Storytelling as a way to work-through intractable conflicts



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Storytelling as a way to work-through intractable conflicts:

The German-Jewish experience and its relevance to the Palestinian – Israeli1 context


Dan Bar-On2

Fatma Kassem




Department of Behavioral Sciences

Ben Gurion University of the Negev

Israel



Abstract


This paper demonstrates how the method of storytelling can be used to work through intractable conflicts in inter-group activities. The original Freudian concept of working through was widened to apply to socially traumatic experiences arising from inter-group conflict situations, emphasizing the ability of the person to learn to live with the painful events of one's past while developing an ability to listen to the pain of the "other." After exploring the concept of working through, we define the storytelling approach and compare it to other approaches used in small group interventions. We then discuss the use of the storytelling approach in the TRT (To Reflect and Trust), a dialogue group that began its work in 1992 The TRT, which was initially composed of German descendants of Nazi perpetrators and Jewish descendants of Holocaust survivors, is now comprised of practitioners working in current conflicts We then describe how the storytelling method was applied in a year-long Jewish-Palestinian student workshop held at Ben Gurion University in 2000/1. The discussion focuses on the way personal storytelling facilitates working through processes in intractable conflicts.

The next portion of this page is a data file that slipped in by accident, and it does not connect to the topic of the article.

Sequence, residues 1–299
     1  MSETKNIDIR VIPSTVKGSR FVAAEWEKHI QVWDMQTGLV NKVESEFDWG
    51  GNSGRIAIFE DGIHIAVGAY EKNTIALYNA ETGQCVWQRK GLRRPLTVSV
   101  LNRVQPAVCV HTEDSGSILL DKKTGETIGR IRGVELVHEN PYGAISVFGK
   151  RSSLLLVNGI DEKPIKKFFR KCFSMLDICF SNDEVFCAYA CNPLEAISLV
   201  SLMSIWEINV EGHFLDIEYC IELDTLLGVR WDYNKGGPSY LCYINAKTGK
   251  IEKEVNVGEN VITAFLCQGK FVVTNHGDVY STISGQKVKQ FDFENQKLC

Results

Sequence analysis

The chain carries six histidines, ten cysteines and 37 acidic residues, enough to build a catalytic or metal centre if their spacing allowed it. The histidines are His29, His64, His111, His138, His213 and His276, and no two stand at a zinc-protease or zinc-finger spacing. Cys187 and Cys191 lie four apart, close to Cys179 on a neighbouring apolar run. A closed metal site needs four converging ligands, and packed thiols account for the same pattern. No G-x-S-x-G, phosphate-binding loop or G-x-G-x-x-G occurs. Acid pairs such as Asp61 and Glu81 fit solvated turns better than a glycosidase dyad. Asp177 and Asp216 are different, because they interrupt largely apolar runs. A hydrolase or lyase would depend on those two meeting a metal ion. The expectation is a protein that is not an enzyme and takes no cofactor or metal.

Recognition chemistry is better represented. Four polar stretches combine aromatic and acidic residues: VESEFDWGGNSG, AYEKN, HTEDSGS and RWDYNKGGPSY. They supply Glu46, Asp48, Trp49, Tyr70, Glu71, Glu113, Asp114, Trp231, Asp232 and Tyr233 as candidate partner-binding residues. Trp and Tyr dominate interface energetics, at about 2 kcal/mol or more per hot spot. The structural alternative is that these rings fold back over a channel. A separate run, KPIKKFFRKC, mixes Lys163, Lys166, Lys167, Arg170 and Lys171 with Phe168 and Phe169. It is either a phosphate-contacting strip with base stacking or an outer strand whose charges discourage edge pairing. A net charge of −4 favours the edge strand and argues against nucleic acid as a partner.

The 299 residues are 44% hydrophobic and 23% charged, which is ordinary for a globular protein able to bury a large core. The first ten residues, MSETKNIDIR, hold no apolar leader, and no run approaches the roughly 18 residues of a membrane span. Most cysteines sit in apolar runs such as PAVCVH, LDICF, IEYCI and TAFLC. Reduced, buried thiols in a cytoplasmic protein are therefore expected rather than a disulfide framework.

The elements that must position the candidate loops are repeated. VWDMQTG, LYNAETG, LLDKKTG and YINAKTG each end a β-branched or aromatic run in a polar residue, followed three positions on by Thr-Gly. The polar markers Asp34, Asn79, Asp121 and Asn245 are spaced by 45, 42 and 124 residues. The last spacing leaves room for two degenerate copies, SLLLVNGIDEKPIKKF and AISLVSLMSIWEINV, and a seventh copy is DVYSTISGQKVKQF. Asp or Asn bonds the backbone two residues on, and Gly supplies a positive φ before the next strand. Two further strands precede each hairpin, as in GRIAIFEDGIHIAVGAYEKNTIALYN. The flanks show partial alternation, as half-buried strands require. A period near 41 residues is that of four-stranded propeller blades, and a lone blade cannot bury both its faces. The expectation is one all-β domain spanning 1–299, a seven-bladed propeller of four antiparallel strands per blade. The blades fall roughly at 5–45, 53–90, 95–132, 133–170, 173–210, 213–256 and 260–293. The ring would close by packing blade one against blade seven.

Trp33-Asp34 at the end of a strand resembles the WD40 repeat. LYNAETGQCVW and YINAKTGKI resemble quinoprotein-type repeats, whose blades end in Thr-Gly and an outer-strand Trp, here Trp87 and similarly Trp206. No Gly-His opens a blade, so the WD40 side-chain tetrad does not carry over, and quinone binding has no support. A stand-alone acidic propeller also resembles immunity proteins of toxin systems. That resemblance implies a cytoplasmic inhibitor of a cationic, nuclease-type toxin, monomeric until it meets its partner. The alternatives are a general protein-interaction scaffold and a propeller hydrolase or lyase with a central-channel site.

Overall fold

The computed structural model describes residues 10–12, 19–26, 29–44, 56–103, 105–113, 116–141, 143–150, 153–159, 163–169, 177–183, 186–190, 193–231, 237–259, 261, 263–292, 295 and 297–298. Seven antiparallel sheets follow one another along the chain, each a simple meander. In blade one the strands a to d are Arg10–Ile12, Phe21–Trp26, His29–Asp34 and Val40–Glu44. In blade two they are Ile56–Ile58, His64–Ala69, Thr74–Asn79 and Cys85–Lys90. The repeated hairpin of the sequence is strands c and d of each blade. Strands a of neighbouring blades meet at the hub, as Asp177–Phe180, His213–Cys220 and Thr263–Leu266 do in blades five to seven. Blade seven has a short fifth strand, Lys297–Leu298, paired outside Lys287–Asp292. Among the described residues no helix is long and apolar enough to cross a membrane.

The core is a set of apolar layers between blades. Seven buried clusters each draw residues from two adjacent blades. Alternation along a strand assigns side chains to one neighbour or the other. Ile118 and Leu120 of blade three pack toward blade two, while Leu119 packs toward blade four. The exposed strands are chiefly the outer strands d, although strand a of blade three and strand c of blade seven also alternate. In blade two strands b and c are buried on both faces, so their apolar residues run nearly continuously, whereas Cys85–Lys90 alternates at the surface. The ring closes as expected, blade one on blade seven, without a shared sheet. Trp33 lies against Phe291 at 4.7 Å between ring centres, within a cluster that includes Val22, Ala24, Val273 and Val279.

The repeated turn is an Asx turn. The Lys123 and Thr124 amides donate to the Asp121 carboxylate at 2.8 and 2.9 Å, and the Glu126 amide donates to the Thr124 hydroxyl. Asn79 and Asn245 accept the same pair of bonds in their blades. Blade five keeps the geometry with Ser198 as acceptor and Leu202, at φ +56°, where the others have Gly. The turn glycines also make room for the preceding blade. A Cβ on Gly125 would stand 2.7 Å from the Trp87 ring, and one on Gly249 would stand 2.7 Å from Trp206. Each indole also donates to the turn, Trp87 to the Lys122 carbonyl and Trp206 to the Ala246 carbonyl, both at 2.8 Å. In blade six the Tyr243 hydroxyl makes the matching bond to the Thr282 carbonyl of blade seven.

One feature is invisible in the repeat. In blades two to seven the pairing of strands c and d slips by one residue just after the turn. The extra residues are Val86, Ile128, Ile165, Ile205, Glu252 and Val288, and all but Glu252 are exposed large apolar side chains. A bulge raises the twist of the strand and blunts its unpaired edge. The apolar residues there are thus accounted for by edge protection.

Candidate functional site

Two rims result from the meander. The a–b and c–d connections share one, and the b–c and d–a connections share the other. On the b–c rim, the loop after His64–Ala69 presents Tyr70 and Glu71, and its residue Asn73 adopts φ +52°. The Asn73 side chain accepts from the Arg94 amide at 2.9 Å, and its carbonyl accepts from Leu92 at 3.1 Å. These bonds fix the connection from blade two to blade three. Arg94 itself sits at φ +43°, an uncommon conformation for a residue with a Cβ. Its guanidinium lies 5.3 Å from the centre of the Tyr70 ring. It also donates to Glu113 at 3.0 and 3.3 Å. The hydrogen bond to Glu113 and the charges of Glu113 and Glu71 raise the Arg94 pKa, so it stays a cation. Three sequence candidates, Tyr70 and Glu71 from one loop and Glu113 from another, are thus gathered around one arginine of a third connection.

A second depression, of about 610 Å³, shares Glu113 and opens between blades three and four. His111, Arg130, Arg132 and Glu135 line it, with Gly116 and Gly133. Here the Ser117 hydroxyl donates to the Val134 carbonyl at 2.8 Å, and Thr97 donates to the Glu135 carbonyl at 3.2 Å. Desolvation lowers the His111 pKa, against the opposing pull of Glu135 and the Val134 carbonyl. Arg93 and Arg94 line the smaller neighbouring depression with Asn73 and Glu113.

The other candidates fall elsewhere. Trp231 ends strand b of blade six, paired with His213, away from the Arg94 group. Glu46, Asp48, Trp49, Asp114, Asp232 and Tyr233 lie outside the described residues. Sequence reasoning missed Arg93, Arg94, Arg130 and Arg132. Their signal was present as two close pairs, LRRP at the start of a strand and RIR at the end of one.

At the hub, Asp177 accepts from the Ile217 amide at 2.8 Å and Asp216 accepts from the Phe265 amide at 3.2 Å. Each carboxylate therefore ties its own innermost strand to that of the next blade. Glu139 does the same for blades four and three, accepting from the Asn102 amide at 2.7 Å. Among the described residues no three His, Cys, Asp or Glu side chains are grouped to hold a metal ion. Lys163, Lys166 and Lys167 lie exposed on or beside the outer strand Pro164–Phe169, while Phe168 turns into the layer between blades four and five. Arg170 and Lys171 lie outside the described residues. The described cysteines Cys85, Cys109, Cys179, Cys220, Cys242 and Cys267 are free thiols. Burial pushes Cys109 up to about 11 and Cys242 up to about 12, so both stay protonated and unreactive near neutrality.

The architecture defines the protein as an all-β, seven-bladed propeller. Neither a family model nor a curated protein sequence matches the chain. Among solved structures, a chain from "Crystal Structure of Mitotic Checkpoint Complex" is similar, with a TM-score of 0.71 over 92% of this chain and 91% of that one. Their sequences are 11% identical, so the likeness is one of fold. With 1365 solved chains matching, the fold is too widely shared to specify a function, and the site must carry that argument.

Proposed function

Introduction

This paper has a number of aims. Its major aim is to demonstrate how storytelling can be used to work through intractable conflicts in inter-group activities. We begin by defining the concept of working through, then widening it to apply to social traumatic events. Then, the storytelling approach, used in our work, is defined and compared to other approaches often used in small group interventions. Next, the TRT (To Reflect and Trust) group, the group in which the storytelling technique was first used, is discussed and we show how it was later applied in a year-long Jewish-Palestinian student workshop held at Ben Gurion University in 2000/1. We end our paper with a discussion on the ways personal storytelling can facilitate working through processes in intractable conflicts.